continues to misrepresent the extent to which iPhones' unique device identifiers are sent to third parties, according to a group of consumers who are suing the company for allegedly violating their
The consumers argue in new court papers that Apple's promise to restrict third parties from accessing devices' 40-character unique identifiers “has thus far been ineffective
and leaves class members personal information exposed.”
The consumers make this argument in a motion asking U.S. District Court Judge Lucy Koh in the Northern District of California
to grant them class-action status in the case. As a practical matter, consumers often find it prohibitively expensive to hire lawyers. But in class-action cases, attorneys who prevail often are
entitled to fee reimbursement.
The consumers in this case sued Apple in 2010, shortly after reports surfaced alleging that developers were able to access iPhone and iPad unique device
identifiers -- 40-character strings of letters and numbers.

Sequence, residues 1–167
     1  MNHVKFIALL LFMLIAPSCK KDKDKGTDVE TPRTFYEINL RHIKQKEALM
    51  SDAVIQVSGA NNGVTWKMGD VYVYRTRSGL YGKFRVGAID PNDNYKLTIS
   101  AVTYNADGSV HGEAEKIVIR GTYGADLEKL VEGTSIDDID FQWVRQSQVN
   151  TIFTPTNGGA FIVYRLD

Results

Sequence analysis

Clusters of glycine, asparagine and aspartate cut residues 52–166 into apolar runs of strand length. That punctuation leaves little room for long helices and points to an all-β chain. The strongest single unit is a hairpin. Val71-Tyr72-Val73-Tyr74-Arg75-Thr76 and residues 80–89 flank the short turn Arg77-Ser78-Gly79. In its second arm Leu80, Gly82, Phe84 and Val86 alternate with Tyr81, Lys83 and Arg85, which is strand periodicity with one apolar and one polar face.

Apple defines unique device identifiers (UDIDs) as non-personal information. But the consumers argue that the identifiers become
“personally identifiable information” when combined with other supposedly anonymous information, such as Zip codes, occupation or area code.
Shortly after it was sued, Apple
promised to limit developers' ability to access unique device identifiers. More recently, the company rolled out advertising identifiers, which function like unique device identifiers, but differ in
that they can be reset by consumers.
But the consumers argue that older models of iPhones and iPads continue to transmit unique identifiers.
“For the thousands of Apps
in their motion papers. The papers refer to confidential material, and the publicly available version contains large swaths of blacked-out text, so it's not clear how many legacy devices and apps
allegedly continue to transmit the UDIDs.
The consumers also argue that Apple wrongly collected geolocation data from some users who had turned off location services. They are suing Apple
for allegedly violating California consumer protection laws prohibiting unfair or deceptive acts.
This lawsuit isn't the only privacy case that Apple faces. The company also is defending
itself in a separate action stemming from reports that some app developers scooped up users' address books. In that matter, New Jersey resident Maria Pirozzi alleges that Apple violated California
consumer protection laws by misrepresenting its app store policies, which said that all apps “run in a safe environment” and are not capable of accessing data from other apps